• Equipment should include: Socks, boots, hat, gloves, rain gear, gaiters, shoe traction, trekking poles, headlamp, water, food, compass and map, first aid kit, firestarter, and emergency bivy gear. Layer clothes to regulate temperature. Your inner layer should wick perspiration.

• Feet and hands get cold first; be alert for frostbite.

• Drink plenty of water. Eat high energy foods.

• Acadia’s trails are very icy, often even when daytime temperatures are above freezing. Some trails are nearly impassible without shoe traction, an ice ax, or other gear. Ask about conditions.

• Route finding on trails can be a problem. Blue blazes and rock carins may be under snow and ice. Have a map, GPS and compass and know how to use them. The visible packed trail may be a “lost rabbit” trail blazed by others. Always double-check to make sure you’re on the correct trail.

• Cell phones are great, but can’t replace proper equipment and planning. Many spots (even on Cadillac) have no reception.

• Be prepared for a prolonged response. In the winter it takes additional time for rescuers to gear up and respond safely in adverse conditions.

Jordan PondJordan Pond Takes the Vote: Just in case you missed the results online: Jordan Pond was the runaway winner of our fun-spirited “iconic Acadia” #GivingTuesday campaign on Tuesday, December 2, with Cadillac Summit posting a respectable second. As one Jordan Pond aficionado said, “It TOTALLY has nothing to do with the popovers!! (I think!)”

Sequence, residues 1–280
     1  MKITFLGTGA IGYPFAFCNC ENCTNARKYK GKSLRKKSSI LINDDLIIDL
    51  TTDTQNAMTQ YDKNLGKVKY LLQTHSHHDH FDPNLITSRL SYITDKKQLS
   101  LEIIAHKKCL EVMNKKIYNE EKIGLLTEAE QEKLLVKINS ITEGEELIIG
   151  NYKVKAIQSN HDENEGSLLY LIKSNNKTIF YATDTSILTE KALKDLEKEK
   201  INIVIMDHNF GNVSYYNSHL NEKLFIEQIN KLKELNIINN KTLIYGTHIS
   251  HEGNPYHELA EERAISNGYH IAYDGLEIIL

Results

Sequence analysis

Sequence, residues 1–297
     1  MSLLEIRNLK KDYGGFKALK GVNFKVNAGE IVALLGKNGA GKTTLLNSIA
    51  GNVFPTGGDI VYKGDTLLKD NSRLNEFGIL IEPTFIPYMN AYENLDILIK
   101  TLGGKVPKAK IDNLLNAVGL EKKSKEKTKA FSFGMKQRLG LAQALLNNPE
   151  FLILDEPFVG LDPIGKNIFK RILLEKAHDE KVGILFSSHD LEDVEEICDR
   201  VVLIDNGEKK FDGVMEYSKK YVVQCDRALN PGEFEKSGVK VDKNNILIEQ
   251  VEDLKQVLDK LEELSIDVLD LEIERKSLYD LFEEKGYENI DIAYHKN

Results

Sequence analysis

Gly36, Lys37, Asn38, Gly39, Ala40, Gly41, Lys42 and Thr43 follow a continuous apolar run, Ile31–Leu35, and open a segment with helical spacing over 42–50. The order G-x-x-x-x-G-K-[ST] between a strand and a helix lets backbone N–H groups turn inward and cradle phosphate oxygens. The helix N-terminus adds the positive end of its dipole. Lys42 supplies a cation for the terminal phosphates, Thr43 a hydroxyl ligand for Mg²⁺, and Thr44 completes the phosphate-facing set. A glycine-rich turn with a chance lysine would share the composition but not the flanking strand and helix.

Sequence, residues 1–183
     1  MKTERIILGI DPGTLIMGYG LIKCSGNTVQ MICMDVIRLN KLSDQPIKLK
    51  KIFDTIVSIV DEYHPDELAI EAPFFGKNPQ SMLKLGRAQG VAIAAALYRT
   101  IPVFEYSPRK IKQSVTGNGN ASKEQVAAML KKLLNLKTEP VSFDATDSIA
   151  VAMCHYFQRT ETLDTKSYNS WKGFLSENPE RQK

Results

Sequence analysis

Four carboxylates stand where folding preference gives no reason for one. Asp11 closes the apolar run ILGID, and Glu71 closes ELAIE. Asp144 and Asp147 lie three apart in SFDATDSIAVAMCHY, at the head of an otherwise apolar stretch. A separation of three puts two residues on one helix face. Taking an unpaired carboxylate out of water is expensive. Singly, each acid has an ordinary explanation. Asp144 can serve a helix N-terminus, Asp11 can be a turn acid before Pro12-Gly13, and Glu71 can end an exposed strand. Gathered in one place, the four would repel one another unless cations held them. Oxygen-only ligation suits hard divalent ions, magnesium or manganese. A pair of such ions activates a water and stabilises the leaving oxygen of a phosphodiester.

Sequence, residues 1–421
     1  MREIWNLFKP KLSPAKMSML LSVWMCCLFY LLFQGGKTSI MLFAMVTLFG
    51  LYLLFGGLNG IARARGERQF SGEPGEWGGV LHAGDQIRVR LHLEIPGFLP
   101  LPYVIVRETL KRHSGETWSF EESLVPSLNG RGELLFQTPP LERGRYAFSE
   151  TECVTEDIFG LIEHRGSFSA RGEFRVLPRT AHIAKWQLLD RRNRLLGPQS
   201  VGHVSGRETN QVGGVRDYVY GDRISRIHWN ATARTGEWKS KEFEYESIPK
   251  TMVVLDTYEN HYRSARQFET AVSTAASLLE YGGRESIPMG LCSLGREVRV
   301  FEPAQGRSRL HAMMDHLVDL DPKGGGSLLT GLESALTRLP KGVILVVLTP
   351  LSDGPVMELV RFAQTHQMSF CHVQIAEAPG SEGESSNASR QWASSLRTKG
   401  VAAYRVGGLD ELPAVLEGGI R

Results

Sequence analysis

It seems many of us feel the same as Sarah Eliza Sigourney Cushing, 1832-1915, for whom a stone bench was placed at the south end of Jordan Pond with a view of the Bubbles and the inscription, “She dearly loved this spot.” Wherever your favorite spot in Acadia may be, we’re grateful for the opportunity and resources we’ve been given to preserve and protect it. Thanks to all who made a donation to make our #GivingTuesday a success.

Acadia Annual Pass Sale

Once again, Acadia’s annual park passes will be available for half price in the month of December. That means $20 for a whole year of beauty, recreation, and inspiration in Acadia National Park! The sale price is for in-person purchases only at these locations: Park Headquarters on the Eagle Lake Road in Bar Harbor, the Bar Harbor Chamber of Commerce, and the Town Halls for Gouldsboro, Mount Desert, and Tremont.

Share the Gift of Acadia

Looking for a holiday gift for that special someone? Share the gift of Acadia with a Friends of Acadia gift membership and we’ll send your loved one a gift membership package, including a subscription to the Friends of Acadia Journal, a lovely packet of Acadia-themed notecards, and a Friends of Acadia window decal. Pair it with an Acadia Annual Entrance Pass for an especially thoughtful gift!

“We are responsible for the world in which we find ourselves, if only because we are the only sentient force which can change it.” —James Baldwin

Header Photo: Duck Brook Bridge in the snow. Friends of Acadia photograph by Aimee Beal Church.